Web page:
Disney animators win Oscar 2 years in a row

NEW YORK (AP) — The Walt Disney Co. proved Sunday that its power doesn't only come from Pixar.

For the second year in a row, Disney Animation won an Academy Award for best animated feature, as "Big Hero 6" followed up last year's "Frozen" win. The studio's "Feast" also won for best animated short. Neither film is connected to the company's Pixar unit, which Disney bought in 2006 for $7.4 billion in stock.

Since then, the Disney Pixar combo had scooped up most animated feature Oscars with blockbusters including "Finding Nemo," ''Toy Story 3" and "Brave." Pixar didn't release a film in 2014.

"Big Hero 6," is Disney's first animated film to take advantage of the company's 2009 acquisition of Marvel. The win shows that Disney has "deepened its bench" with the Marvel deal and 2012 acquisition of Star Wars owner Lucasfilm, said Seth Shapiro, a professor at the University of Southern California's School of Cinematic Arts.


Target slices free-shipping minimum in half to $25

NEW YORK (AP) — Target has sliced its minimum online purchase to qualify for free shipping in half to $25 as the Internet becomes a bigger sales hub for retailers.

The minimum takes aim at competitors Wal-Mart and, both of which have higher minimums for standard purchases, and could be another step in a slow march among retailers toward eliminating separate shipping fees.

Target said free shipping is now available for all online orders coming from the continental U.S. or from military postal facilities. The company says handling fees may still apply to some orders.


Higher rates coming? Yellen faces lawmakers at pivotal time

WASHINGTON (AP) — After years of sounding reassuring notes about the need to keep interest rates at record lows, the Federal Reserve is finding the shift to an era of pending rate hikes a tricky and complicated one.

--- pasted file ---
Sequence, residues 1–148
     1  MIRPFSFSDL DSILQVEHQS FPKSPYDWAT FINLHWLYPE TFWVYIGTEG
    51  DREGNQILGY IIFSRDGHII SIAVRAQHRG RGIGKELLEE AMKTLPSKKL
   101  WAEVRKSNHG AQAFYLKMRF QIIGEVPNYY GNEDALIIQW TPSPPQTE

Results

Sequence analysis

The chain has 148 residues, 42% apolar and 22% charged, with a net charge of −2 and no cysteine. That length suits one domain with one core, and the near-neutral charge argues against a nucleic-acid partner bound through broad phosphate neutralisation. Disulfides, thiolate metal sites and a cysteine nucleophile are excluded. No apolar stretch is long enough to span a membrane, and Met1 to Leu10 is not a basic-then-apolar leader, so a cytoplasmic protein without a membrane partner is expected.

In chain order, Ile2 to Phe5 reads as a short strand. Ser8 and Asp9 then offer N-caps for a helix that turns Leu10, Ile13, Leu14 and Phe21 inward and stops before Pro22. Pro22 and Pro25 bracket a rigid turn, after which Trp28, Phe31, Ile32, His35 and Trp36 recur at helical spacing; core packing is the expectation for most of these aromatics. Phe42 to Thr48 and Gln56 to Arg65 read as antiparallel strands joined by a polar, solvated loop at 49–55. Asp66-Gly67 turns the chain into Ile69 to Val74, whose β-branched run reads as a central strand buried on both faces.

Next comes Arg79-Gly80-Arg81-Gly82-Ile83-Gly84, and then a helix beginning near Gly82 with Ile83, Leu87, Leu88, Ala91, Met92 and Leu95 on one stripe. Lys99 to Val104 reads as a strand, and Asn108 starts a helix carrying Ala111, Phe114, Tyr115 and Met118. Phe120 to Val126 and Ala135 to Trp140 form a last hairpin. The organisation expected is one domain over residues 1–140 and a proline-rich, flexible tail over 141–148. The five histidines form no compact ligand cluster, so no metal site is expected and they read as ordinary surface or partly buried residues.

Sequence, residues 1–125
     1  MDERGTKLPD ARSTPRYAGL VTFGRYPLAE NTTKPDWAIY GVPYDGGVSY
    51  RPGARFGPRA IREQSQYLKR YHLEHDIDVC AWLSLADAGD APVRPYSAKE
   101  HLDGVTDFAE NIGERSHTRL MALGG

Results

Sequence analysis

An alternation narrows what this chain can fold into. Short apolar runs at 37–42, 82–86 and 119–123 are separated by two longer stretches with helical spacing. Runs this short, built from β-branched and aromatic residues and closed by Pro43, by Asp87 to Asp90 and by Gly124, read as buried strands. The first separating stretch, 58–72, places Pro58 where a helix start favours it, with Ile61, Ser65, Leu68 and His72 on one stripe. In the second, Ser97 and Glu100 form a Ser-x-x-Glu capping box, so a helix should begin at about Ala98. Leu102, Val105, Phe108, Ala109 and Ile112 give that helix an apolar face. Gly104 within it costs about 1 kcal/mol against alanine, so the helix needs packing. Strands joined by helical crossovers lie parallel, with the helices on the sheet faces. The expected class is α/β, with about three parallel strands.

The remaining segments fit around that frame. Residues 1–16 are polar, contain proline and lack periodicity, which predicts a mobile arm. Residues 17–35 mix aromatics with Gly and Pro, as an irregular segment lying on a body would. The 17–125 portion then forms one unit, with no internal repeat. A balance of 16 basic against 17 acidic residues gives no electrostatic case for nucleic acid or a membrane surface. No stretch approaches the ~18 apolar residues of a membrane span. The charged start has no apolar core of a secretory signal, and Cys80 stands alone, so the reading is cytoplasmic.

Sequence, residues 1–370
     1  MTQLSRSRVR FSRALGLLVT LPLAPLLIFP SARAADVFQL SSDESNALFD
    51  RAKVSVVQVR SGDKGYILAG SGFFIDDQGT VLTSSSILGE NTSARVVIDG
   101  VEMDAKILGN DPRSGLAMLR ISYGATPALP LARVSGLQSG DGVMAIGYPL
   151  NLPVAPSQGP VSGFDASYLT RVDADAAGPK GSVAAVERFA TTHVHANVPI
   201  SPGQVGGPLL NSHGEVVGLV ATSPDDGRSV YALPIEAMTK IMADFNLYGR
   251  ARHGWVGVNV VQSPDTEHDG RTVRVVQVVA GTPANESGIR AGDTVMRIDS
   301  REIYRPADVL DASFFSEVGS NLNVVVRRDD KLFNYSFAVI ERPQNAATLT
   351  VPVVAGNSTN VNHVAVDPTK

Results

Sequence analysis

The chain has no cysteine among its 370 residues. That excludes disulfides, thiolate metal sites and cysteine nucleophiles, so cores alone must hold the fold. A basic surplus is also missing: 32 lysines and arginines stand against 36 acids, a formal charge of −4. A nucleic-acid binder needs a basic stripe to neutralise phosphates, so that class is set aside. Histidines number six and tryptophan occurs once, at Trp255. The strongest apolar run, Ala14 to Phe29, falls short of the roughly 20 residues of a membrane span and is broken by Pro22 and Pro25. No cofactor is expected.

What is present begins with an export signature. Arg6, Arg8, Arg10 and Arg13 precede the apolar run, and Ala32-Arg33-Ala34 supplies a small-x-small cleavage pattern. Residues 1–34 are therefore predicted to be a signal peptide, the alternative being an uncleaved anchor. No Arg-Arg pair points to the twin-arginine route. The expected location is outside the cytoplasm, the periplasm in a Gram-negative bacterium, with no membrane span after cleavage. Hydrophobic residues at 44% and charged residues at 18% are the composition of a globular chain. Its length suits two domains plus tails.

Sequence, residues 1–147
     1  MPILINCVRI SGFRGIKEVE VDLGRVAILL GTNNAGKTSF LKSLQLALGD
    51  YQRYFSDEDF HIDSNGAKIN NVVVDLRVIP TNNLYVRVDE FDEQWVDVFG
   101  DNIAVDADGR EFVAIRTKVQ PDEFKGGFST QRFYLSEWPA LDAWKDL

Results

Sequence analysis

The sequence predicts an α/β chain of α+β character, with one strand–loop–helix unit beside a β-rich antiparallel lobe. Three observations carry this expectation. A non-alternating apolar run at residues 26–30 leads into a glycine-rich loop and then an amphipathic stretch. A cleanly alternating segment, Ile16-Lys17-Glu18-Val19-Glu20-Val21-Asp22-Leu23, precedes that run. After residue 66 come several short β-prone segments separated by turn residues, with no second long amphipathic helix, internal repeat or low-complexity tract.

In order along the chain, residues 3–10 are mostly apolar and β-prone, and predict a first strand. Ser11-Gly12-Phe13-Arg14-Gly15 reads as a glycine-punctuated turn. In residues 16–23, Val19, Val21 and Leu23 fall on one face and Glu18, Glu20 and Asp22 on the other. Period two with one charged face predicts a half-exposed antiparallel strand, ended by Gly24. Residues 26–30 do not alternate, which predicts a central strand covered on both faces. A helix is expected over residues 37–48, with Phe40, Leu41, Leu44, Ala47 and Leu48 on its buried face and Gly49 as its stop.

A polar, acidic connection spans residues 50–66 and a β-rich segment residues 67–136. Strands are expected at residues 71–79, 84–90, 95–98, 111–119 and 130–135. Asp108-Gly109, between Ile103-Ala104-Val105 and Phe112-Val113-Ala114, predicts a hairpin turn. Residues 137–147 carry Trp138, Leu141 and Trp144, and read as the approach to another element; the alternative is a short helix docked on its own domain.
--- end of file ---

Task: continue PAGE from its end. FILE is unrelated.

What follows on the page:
But anyone who expects Fed Chair Janet Yellen to clarify the timetable for a rate hike when she speaks to Congress this week could be disappointed.

Yellen seems likely to take a wait-and-see stance.


Labor chief: Unions to push on wages in 2016 campaign

ATLANTA (AP) — Politicians of all ideologies have failed American workers in an era of rising corporate profits and declining wages, the nation's top labor leader said Monday, vowing to pressure candidates running for president in 2016 to address the issue.

The nation's largest association of workers is meeting in Atlanta this week to work on its strategy for the upcoming campaign.

The leader of the 12.5-million member organization said higher wages can be a "unifying progressive value," but acknowledged unions are struggling to connect with voters skeptical of the benefits of organized labor.


Most West Coast ports bustling again after labor deal

OAKLAND, Calif. (AP) — Nearly all West Coast seaports began the work week with crews hustling to load and unload cargo ships that were held up amid a months-long dispute over a new contract for dockworkers.

The exception Monday was the Port of Oakland, where problems persisted three days after negotiators for the dockworkers' union and for employers reached a tentative agreement covering all 29 West Coast ports.

Those ports handle roughly one-quarter of U.S. international trade, an amount worth about $1 trillion annually.


EU opens in-depth probe of GE takeover of Alstom power unit

BRUSSELS (AP) — The European Union opened an in-depth probe of General Electric's $14.1 billion takeover of the power division of French company Alstom on Monday fearing higher prices and less choice.

The European Commission made the move Monday after an initial investigation "indicates potential competition concerns in the market for heavy-duty gas turbines," which are used in gas-fired power plants, it said in a statement.

EU Competition Commissioner Margrethe Vestager said her anti-competitive concerns also included "less innovation in the sector."


By The Associated Press=

The Dow Jones industrial average fell 23.60 points, or 0.1 percent, to 18,116.84. The Standard & Poor's 500 index dipped 0.64 point, or 0.03 percent, to 2,109.66. The Nasdaq composite rose 5.01 points, or 0.1 percent, to 4,960.97.

Benchmark U.S. crude fell $1.36 to close at $49.45 a barrel in New York. Brent crude, a benchmark for international oils used by many U.S. refineries, fell $1.32 to close at $58.90 in London. Wholesale gasoline rose 0.6 cent to close at $1.646 a gallon. Heating oil rose 10.6 cents to close at $2.218 a gallon. Natural gas fell 7.2 cents to close at $2.879 per 1,000 cubic feet.